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The Newest Productivity Application Can’t Save You

Written by: Nicole Dupuis, Executive Contributor

Executive Contributors at Brainz Magazine are handpicked and invited to contribute because of their knowledge and valuable insight within their area of expertise.

Executive Contributor Nicole Dupuis

One common question I get asked as a Productivity and Leadership Coach is, “Do you have any recommendations for a (system/app/program) that can help me with my productivity?”

Person holding smart phone

Now the short answer could be “Sure!” There are plenty of programs out there: Asana,, MindMeister, Evernote, and Notion. However, my answer to this question is typically, “No.”


When we struggle with time management, organization, and efficiency, adding another program to check or learn, another app to remember to update, another system to mentally process, just adds to the overwhelm, distraction, and lack of focus. When someone needs help, prioritizing for example, it is more beneficial to subtract, not add. Supplementing with another app to check daily on his/her phone is not the answer, but rather finding what can be removed from his/her daily system so that the priorities are clear and streamlined.


The idea of downloading a new app or program to help with productivity is not unlike the theory of buying a whole new workout outfit to motivate a person to hit the gym. The idea is we will be excited about wearing the new outfit; about how we will look, feel, and what it represents. That will be enough for us to get out of bed in the morning and drive to the gym.


And it works! It works... temporarily. Eventually, that workout outfit looks (and smells, I might add) much like all our other fitness gear. It doesn’t have that new and shiny energy radiating off of it. So then what? We need something else more sustainable when those new running shoes don’t give us the boost they used to.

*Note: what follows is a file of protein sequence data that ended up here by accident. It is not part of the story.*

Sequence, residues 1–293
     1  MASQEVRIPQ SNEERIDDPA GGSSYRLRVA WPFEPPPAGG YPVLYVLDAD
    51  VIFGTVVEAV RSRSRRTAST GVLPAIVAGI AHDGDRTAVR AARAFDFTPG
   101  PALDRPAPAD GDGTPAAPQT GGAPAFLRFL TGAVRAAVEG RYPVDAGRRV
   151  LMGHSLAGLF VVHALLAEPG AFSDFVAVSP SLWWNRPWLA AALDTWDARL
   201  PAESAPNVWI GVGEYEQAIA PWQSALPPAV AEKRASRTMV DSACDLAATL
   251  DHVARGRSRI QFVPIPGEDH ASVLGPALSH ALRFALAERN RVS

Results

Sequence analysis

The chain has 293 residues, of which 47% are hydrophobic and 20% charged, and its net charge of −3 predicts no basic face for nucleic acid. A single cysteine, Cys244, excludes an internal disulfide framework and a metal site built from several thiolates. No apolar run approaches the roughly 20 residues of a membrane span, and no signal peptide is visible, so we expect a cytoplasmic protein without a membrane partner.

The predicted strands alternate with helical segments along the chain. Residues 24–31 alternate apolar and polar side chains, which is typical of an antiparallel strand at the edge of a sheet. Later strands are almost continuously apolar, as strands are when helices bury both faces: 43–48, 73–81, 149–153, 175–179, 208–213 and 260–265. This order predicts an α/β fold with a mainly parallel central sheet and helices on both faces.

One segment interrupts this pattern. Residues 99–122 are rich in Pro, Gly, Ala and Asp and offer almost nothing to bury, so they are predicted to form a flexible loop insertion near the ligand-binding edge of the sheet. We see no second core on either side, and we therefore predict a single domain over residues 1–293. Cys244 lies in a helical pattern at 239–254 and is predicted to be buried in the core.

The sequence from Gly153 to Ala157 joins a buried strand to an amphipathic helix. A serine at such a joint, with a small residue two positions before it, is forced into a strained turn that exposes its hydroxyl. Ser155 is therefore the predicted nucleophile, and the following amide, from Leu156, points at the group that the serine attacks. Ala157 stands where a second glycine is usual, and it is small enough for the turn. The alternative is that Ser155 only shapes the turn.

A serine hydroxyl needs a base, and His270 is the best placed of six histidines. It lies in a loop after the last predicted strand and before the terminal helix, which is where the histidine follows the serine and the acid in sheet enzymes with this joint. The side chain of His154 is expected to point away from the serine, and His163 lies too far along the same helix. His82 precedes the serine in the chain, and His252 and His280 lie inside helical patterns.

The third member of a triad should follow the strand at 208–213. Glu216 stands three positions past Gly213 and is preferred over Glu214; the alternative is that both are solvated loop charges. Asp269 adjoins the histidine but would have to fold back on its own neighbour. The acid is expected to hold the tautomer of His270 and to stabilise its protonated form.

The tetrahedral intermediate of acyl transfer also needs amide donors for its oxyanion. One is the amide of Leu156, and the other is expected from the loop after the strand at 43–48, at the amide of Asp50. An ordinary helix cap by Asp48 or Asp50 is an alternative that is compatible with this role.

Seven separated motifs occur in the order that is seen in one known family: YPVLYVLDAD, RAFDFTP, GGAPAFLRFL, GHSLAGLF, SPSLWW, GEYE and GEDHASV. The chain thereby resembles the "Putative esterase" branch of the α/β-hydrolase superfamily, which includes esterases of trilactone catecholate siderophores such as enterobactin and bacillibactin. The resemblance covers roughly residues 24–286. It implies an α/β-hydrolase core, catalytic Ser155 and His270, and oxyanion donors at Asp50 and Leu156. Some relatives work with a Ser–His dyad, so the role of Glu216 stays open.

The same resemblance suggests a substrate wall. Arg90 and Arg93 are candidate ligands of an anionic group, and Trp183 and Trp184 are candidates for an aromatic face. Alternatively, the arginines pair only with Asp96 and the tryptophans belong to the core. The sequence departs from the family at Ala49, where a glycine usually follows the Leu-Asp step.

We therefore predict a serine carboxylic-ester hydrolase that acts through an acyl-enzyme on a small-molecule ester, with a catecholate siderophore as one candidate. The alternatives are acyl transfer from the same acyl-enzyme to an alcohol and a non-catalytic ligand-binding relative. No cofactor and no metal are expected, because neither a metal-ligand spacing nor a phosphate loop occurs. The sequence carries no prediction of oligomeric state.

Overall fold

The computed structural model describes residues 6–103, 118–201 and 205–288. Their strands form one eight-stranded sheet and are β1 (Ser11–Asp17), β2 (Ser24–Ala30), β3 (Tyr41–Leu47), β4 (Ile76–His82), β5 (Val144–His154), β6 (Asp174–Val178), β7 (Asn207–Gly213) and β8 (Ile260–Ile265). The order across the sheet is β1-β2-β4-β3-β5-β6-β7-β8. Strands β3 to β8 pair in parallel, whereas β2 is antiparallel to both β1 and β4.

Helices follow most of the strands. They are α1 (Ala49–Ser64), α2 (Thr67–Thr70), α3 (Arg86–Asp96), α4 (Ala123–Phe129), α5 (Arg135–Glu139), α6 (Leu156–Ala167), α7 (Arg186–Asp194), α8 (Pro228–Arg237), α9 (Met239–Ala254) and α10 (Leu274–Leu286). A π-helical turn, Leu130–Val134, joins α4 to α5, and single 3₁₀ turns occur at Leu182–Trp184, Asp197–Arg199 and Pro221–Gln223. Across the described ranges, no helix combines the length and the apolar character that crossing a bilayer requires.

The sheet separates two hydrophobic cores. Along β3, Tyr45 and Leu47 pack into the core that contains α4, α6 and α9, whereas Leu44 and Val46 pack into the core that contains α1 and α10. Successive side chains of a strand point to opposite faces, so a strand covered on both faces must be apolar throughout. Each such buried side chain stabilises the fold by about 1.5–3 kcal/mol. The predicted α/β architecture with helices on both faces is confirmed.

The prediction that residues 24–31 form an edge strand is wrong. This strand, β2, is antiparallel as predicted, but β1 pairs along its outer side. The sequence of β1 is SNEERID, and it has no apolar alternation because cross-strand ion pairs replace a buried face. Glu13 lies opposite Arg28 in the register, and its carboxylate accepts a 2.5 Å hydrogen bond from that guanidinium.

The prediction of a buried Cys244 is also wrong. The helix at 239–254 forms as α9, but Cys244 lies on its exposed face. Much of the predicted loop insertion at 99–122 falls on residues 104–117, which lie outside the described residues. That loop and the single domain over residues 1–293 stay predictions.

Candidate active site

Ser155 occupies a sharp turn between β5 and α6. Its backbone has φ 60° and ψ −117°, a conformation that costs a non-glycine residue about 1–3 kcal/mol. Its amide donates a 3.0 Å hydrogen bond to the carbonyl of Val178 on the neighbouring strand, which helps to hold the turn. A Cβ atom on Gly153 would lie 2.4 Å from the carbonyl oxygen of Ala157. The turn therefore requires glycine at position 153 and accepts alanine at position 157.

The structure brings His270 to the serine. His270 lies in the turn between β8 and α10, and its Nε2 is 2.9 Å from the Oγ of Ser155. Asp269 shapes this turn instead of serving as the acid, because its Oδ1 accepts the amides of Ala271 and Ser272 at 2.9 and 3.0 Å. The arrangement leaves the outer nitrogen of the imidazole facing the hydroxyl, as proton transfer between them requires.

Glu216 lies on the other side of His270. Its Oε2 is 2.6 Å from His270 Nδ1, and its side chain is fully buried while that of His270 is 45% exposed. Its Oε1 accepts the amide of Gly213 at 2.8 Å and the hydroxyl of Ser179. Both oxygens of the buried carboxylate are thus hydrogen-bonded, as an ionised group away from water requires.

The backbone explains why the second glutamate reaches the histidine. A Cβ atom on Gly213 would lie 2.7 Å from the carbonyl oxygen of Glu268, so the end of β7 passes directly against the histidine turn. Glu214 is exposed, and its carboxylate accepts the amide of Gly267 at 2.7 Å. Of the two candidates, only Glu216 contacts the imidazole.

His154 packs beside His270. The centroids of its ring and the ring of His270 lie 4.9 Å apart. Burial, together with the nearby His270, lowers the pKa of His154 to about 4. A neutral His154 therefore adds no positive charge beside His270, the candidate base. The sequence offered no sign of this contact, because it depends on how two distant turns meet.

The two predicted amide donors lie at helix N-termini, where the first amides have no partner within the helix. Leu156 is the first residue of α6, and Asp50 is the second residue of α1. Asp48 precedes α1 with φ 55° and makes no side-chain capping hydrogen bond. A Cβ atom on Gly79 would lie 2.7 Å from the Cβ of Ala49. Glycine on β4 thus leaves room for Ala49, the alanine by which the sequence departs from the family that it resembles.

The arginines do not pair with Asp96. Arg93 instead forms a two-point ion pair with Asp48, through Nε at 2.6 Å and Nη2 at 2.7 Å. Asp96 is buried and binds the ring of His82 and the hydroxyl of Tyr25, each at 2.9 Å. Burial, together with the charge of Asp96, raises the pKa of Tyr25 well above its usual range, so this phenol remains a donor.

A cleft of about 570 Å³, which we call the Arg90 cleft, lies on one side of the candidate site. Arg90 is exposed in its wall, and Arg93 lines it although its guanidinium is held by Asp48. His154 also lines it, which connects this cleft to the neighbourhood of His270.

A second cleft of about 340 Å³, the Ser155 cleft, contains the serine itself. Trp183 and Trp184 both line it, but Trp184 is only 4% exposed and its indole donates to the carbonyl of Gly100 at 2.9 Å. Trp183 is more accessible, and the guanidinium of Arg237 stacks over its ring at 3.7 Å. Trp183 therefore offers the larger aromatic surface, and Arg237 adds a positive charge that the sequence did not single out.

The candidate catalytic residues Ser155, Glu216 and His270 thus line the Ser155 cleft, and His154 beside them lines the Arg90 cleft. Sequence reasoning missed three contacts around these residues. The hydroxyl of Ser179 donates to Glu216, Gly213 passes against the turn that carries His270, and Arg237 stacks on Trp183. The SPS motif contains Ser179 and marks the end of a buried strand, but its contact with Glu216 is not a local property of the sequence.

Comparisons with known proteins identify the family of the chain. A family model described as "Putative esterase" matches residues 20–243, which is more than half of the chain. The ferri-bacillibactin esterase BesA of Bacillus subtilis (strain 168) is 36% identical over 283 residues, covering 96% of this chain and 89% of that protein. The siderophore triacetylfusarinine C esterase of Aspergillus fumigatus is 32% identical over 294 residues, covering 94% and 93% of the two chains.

Same with productivity systems and platforms. We need processes that work with or without the new and exciting app so when we no longer see that new platform as a fun way to engage with our productivity, our routines and habits persevere.


Here are some suggestions for overcoming common time management roadblocks that you can try before investing time and energy (and money perhaps) in a new application or program:


If you procrastinate

Defining the smaller steps that make up the task. Usually, we procrastinate on things that appear very time-consuming, difficult, and an energy suck. And a lot of times we aren’t wrong. But to stop pushing it off, leading to feeling pressed for time when the looming deadline arrives, breaking up a large task into its components can help us focus on the pieces rather than the whole overwhelming pie.


If you have a presentation coming up in two weeks and you don’t want to procrastinate, define all the steps you need to take to prepare for that presentation (i.e. draft up slides, write up an outline of talking points, share draft with your boss, practice presentation, etc). Then decide on a shorter deadline for only one component. Write up a tentative outline by the end of day tomorrow as an example. Moving through each step on its own helps you feel accomplished and helps you focus enough to make progress on those overwhelming tasks.


If things don’t get done each day


Pause and find out why. If certain things are not getting checked off the To-Do list, there are numerous reasons why they might not be getting done. And the answer isn’t, “I must be bad at time management.” There is a deeper reason why things don’t get completed and it is important to get to the root of that problem.


Is it that you have too much on your plate and need to delegate? Is it that you set unrealistic expectations each day and need to drill down on a shorter To-Do list? Is it because you are avoiding certain tasks and procrastinating (see above)? Or is it because you don’t have a plan of attack for certain items (don’t know when you will get to it or what you need to complete it)?